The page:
Face Behind the Place: Sous Chef of Silver Maples Jeff Collins


Since the beginning of the COVID-19 outbreak in March, sous chef  Jeff Collins of Silver Maples of Chelsea has experienced the challenges first hand. Collins, who has been working at Silver Maple’s for 5 years, handles the daily food prep and makes sure everything is fresh, even in the middle of a pandemic.

Since day one of quarantine, Collins, along with the other chefs, have been working hard to decide what is best for the residents so that they can continue to enjoy home-cooked meals every day. 

“We had to adjust our process in a way that works for everybody: the waitstaff, the RCAs, and us,” Collins said. 

With all the changes caused by COVID-19 in the outside world, there also have been changes within Silver Maples and the work environment. With the restrictions and orders made by Governor Whitmer, any services provided for nursing homes have been either cut back on hours and staff or have come to a complete pause. Silver Maples closed all three dining rooms to protect its residents, moving all dining services to a tray service.

“Not only are things slower, but there are all these extra steps we have to take now,” Collins said. “And Silver Maples isn’t a restaurant, but we try to simulate that experience. Using boxes instead of plates just takes away the experience completely.”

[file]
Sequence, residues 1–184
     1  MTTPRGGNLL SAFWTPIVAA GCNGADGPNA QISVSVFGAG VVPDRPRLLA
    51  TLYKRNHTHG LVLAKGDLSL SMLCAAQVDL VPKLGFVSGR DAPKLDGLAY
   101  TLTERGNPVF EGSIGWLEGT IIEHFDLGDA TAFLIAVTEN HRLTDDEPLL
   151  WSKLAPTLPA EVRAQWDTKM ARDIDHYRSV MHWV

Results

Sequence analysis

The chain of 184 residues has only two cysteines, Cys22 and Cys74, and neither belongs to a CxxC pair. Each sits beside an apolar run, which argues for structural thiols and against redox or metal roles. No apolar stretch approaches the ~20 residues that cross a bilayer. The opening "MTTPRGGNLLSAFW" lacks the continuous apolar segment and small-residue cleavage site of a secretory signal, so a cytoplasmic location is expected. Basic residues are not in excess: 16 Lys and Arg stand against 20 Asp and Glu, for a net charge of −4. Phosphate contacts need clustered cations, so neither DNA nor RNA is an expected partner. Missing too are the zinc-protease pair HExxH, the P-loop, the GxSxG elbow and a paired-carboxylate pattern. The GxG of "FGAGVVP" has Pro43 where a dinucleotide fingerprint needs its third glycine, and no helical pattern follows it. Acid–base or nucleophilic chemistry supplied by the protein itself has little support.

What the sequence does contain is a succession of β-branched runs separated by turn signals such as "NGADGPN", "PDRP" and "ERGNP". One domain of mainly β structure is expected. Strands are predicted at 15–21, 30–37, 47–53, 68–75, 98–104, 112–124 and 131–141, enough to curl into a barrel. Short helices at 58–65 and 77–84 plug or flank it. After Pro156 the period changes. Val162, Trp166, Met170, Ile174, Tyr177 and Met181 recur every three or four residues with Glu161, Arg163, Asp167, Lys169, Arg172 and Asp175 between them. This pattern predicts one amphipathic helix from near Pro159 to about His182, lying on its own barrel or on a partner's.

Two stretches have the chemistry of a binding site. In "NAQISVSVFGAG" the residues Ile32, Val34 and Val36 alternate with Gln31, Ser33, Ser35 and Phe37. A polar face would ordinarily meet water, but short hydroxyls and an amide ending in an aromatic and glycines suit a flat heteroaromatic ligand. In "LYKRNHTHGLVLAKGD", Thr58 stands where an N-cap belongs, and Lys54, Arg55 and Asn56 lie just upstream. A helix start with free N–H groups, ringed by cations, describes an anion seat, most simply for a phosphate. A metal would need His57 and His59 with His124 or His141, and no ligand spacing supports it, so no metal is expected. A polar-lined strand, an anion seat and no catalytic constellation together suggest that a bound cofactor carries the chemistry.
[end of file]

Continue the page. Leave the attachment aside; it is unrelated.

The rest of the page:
Collins did not experience too many personal challenges once COVID-19 shut down the state of Michigan. Other than not being able to go out with friends, he didn’t really notice a difference.

“I miss getting with my friends and getting my hair cut,” Collins said. 

While not at work, he has managed to keep himself busy at home with his two boxers, Bo and Cabrera. Collins says he looks forward to coming into work and cooking. He enjoys the process of prepping the food and the focus needed for putting the dish together.

“What can I say: it keeps me out of trouble,” Collins regarded.

Collins’s experience in cooking started long before he came to Silver Maples. At the age of 13, he started his journey in the kitchen of Coney Island, where he spent three years learning how to stay on task and work efficiently. Since then, his cooking career has taken him all over the country, gaining him the experience of working with a variety of staff and management, which he says is one of the greatest challenges of running a kitchen.

“Being understaffed and having too much management, or just bad management makes an easy job difficult,” Collins explained. 

After working in two Country Clubs and a Joe’s Crab Shack, Collins moved onto greater things. He opened three different restaurants and was a traveling trainer for Landry’s Corp., as well as T.G.I. Fridays and many more restaurant chains. The challenges he faced with these past businesses, whether it was with the staff, the management, or equipment failures, has prepared him for adapting to quarantine dining services and giving him the patience to do so.